Hey, Way to go, Colorado!
First, I have to say that I’m sure there are those with the best of intentions behind the water laws of the west, and that probably even more good intentions went into the “legalizing of rain barrels” in Colorado. Well, sort of.
I don’t get political, and I’m not trying to start now. As with so many political issues, there are differing sides of the same coin that have a hard time seeing it any other way, and so some sort of compromise must be reached to avoid gridlock. This compromise, for Colorado, appears to be officially making it legal for homeowners..
In May 2016 Governor John Hickenlooper signed a law (House Bill 16-1005) that allows residential properties and multifamily residences with four or fewer units to use up to two rain barrels, located above ground, with a combined storage capacity of 110 gallons. (from http://www.lot-lines.com/rain-barrels-no-longer-illegal-colorado/)
Unfortunately, this may have made it worse.
A step in the right direction? Yes, especially if getting 1 or 2 rain barrels inspires further change, like taking out turf, adding swales and earthwork to slow down runoff.. (not sure where this falls in the “illegal rainwater harvesting” arena, especially if you’ve already max’d out your 110 gallons…) The thing is, it seems that what was an obscure, never really identified or enforced law, is now very real and specific, and can even be removed..
the State Engineer “may curtail rain barrel usage” if a water right holder can prove that the use of rain barrels has impacted their ability to receive their entitled water.
This could raise some questions as well, but the law is the law, and I digress.
More specific and to the point, if you live in almost any house in Colorado, these laws were probably put in place before your house was built. Unless your house is 130+ years old…
“Many appropriative water rights were created before state and territorial legislatures had enacted laws governing water use. The first appropriative water rights statute was enacted in California in 1872.(1) It allowed for creation of such rights by posting, at the point of diversion, a document stating the intended amount of the right and its purpose of use, filing for the right in the county recorder’s office, and taking the necessary steps to”perfect” the right(put the water to beneficial use) with “due diligence.” This procedure was not the exclusive method of creating water rights because California recognized both appropriative and riparian water rights. Other states also enacted early statutes governing appropriative water rights, requiring the posting of notice at the point of diversion. Colorado, Dakota Territory, New Mexico, Texas, and Wyoming enacted laws in the 1880’s. (2)“ Arizona, Nevada, and Oklahoma enacted laws in the 1890’s. (3)”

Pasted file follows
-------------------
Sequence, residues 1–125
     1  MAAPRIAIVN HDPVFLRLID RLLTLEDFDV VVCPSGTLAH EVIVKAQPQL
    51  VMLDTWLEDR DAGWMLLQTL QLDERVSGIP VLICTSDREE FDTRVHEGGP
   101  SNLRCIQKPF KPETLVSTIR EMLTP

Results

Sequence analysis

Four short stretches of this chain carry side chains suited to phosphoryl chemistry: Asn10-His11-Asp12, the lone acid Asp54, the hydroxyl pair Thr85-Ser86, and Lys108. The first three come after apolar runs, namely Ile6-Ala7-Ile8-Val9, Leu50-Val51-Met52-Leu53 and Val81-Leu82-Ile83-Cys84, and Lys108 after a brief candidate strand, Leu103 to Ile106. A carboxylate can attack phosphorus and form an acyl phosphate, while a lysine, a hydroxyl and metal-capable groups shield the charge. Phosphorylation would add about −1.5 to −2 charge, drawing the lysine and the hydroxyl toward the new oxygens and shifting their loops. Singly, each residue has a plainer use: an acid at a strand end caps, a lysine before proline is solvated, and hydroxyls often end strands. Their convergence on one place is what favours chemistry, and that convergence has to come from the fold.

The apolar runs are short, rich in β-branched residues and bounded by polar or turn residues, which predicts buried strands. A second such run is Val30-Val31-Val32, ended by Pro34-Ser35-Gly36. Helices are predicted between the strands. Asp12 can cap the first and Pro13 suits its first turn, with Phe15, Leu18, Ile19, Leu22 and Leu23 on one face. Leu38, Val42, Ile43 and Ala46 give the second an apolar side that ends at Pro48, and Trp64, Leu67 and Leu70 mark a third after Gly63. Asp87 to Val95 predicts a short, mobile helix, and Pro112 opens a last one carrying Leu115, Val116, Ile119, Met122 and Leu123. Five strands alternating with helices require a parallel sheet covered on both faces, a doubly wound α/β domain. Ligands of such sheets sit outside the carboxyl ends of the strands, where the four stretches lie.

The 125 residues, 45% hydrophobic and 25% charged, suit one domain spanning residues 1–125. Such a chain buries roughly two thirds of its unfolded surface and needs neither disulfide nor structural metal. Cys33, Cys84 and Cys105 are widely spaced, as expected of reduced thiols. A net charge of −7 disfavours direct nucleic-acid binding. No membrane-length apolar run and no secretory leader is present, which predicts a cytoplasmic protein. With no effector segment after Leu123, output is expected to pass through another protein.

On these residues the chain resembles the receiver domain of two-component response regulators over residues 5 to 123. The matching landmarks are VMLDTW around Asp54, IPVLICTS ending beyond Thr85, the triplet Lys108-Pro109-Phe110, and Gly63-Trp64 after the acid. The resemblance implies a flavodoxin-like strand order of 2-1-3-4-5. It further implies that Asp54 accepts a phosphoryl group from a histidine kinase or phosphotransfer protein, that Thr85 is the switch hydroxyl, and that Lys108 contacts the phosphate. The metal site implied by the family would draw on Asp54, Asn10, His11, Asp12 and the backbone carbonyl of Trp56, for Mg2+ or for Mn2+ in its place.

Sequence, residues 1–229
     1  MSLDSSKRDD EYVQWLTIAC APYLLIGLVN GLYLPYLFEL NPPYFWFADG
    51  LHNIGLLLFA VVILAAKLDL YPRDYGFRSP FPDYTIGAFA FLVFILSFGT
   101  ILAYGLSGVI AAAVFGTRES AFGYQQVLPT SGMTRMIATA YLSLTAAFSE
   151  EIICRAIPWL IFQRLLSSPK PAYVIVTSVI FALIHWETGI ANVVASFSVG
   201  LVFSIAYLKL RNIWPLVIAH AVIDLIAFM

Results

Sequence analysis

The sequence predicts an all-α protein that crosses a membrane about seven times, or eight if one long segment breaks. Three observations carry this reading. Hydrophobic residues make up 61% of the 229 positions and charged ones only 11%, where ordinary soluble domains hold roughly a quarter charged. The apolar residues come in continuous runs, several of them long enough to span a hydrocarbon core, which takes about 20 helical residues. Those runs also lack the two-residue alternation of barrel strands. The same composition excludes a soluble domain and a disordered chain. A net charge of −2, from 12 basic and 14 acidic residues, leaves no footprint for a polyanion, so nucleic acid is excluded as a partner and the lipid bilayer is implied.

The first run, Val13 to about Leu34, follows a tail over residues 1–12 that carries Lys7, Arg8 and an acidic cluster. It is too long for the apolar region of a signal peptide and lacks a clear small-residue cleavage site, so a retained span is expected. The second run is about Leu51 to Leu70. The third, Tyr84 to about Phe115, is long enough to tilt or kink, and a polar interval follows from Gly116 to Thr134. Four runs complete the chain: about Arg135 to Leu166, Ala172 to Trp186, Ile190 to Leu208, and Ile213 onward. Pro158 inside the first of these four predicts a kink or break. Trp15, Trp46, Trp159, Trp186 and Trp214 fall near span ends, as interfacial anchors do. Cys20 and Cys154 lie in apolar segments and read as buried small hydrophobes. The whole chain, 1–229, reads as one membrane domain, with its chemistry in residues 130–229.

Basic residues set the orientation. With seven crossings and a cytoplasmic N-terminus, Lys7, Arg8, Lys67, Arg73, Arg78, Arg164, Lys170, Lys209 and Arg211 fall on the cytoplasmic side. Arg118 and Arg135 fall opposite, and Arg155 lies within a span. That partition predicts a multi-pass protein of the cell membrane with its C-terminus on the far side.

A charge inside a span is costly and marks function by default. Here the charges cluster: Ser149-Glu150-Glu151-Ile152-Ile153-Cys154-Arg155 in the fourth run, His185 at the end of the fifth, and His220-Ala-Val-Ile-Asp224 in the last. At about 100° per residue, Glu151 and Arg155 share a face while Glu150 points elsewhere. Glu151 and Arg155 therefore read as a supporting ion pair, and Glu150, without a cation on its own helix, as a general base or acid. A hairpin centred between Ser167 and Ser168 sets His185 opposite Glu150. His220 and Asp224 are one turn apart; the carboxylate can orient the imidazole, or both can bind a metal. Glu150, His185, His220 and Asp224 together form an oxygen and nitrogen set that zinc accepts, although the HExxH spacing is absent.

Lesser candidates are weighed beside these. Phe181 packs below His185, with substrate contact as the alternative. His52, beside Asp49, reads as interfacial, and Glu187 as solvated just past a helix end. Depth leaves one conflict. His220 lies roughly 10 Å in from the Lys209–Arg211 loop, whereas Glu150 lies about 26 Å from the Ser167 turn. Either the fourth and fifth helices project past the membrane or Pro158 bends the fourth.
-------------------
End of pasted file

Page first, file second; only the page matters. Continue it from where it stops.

…Why is that relevant? Well, because chances are unless your house was built on solid rock, before that house was built at least a little more rainfall filtered into the ground on it’s current footprint.
So by definition, any homeowner should be able to, nay, be Obligated to, capture the amount that had previously filtered into the ground where their house sits,
as long as they are doing just that with it: filtering it into the ground.
(Look out, I’m about to get all technical on you)
A quick ballpark calculation
If the coefficient of runoff (factor of how much rainfall runs off vs. how much infiltrates, the coefficient is basically the % that runs off for certain surface types and slopes) for a forest floor is 0.1 (see table link below ) -that is, 10% of rain that falls on a forest runs off, so 90% infiltrates), and a house roof has a coefficient of .95, and said house has approximately a 25’ x 40’ roof area (1,000 sq.ft.)…